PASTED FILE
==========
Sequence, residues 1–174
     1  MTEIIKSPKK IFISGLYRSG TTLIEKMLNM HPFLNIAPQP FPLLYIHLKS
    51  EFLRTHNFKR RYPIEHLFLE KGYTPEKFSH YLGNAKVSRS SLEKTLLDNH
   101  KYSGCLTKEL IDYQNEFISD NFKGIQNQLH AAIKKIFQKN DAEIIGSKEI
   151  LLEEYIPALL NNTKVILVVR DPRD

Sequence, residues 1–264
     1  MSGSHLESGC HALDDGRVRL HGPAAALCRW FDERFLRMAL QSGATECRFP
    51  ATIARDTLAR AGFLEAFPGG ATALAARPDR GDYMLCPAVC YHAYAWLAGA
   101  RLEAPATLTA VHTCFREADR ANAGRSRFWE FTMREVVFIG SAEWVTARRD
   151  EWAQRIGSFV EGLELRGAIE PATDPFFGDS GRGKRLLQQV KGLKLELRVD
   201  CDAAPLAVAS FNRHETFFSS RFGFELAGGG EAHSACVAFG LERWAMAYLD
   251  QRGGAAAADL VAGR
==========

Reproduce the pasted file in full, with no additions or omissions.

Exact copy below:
Sequence, residues 1–174
     1  MTEIIKSPKK IFISGLYRSG TTLIEKMLNM HPFLNIAPQP FPLLYIHLKS
    51  EFLRTHNFKR RYPIEHLFLE KGYTPEKFSH YLGNAKVSRS SLEKTLLDNH
   101  KYSGCLTKEL IDYQNEFISD NFKGIQNQLH AAIKKIFQKN DAEIIGSKEI
   151  LLEEYIPALL NNTKVILVVR DPRD

Sequence, residues 1–264
     1  MSGSHLESGC HALDDGRVRL HGPAAALCRW FDERFLRMAL QSGATECRFP
    51  ATIARDTLAR AGFLEAFPGG ATALAARPDR GDYMLCPAVC YHAYAWLAGA
   101  RLEAPATLTA VHTCFREADR ANAGRSRFWE FTMREVVFIG SAEWVTARRD
   151  EWAQRIGSFV EGLELRGAIE PATDPFFGDS GRGKRLLQQV KGLKLELRVD
   201  CDAAPLAVAS FNRHETFFSS RFGFELAGGG EAHSACVAFG LERWAMAYLD
   251  QRGGAAAADL VAGR